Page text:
WEEKLY UPDATE: February 15, 2020
SUMMARY: Discovery of 13 new genomic regions associated with celiac disease.
OVERVIEW: Celiac disease is characterized by an inability to eat gluten, a protein found in wheat and some other types of grain. The disorder is an autoimmune disease, in which the body’s own immune system attacks the intestines in the presence of gluten. This can lead to pain, diarrhea, and other digestive problems. This genome-wide study examined over 25,000 individuals of European descent to better under the genetic underpinnings of susceptibility to celiac disease. The researchers identified 13 novel genetic loci that appear to be linked to the risk of celiac disease. Many of the variants are near genes that play a role in the immune system, especially in the function of T cells, that normally kill cells that are infected by viruses or are cancerous.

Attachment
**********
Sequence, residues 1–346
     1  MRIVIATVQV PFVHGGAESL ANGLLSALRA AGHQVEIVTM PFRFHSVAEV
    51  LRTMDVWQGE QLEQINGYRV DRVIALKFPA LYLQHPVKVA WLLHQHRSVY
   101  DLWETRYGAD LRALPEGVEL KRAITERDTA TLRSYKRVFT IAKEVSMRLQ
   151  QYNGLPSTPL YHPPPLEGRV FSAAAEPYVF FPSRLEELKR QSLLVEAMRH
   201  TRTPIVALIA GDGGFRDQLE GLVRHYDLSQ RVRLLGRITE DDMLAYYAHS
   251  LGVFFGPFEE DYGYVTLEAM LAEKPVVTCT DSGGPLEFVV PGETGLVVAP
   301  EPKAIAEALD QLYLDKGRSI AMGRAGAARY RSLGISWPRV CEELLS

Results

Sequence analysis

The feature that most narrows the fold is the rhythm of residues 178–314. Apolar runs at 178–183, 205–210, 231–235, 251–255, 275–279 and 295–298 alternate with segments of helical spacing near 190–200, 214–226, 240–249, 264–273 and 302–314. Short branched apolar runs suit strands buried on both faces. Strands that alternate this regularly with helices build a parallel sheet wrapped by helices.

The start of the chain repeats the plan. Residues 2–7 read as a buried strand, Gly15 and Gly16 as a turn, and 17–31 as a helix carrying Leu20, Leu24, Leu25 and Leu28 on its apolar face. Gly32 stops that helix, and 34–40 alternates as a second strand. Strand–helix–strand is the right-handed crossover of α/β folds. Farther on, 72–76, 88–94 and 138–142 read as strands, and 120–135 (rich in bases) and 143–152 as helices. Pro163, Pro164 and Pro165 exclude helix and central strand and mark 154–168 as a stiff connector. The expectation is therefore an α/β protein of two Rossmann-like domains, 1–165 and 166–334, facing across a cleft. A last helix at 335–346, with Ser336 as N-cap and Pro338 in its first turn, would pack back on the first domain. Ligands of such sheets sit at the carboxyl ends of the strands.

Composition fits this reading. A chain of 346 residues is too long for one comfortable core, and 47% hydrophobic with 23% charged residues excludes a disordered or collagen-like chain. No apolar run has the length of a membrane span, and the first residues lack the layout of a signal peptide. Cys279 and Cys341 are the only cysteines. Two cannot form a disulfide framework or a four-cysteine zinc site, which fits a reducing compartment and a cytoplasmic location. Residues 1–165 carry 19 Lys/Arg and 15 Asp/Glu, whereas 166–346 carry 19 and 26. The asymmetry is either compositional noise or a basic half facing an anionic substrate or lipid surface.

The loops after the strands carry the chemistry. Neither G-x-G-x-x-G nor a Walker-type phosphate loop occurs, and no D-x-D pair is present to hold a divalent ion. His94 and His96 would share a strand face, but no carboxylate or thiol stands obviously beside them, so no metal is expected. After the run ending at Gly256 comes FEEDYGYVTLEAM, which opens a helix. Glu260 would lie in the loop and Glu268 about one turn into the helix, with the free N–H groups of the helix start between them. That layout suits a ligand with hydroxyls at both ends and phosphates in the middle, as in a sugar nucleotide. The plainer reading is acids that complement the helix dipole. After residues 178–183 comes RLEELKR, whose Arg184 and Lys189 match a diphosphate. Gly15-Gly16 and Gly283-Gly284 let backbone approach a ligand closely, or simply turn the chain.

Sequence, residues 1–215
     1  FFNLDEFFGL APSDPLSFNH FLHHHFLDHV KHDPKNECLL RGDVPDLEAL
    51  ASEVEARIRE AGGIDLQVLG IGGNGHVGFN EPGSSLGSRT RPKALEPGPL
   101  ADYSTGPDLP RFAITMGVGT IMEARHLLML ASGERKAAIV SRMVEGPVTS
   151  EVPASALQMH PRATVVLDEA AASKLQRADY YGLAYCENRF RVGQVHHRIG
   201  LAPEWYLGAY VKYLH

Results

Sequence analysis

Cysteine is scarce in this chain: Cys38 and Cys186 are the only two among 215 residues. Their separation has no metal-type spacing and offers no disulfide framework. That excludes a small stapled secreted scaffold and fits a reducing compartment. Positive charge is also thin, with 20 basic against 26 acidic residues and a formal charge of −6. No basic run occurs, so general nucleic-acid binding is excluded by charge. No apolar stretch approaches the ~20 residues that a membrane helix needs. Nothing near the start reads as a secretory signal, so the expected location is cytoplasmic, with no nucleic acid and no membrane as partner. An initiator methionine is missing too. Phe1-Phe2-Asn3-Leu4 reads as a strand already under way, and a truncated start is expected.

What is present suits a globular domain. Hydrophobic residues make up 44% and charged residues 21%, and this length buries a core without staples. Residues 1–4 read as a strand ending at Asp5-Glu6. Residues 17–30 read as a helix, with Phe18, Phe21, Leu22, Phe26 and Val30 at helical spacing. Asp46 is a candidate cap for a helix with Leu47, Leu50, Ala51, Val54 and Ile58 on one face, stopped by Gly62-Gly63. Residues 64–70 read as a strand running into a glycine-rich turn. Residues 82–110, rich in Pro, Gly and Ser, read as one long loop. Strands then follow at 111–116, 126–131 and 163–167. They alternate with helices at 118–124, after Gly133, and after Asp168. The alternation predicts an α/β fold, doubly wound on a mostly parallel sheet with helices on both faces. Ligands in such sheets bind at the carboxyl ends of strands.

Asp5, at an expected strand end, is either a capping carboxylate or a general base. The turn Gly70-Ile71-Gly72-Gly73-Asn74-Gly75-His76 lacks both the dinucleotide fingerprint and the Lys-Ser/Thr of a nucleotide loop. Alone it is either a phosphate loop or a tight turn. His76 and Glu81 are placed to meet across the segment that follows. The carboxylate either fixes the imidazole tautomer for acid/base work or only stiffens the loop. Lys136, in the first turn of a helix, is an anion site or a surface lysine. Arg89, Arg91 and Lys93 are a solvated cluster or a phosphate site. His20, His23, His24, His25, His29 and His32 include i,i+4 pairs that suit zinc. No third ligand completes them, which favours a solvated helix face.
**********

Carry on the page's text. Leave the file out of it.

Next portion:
DID YOU KNOW? While a gluten-free diet may sound challenging to adhere to, there are many foods that are naturally gluten-free. For example, grains such as quinoa, oats, and corn don’t contain gluten. Other common gluten-free foods are soy, rice, and potato! [SOURCE]
ANALYZED VARIANTS: rs2187668, rs1464510, rs17810546, rs13151961, rs653178, rs2327832, rs2816316, rs13098911, rs11221332, rs917997, rs1738074, rs802734, rs13003464, rs13010713, rs10903122, rs1893217, rs10806425, rs1250552, rs4819388, rs13314993, rs3748816, rs9792269, rs296547, rs4675374, rs17035378, rs11712165, rs12928822
Gluten and Celiac Disease (Video)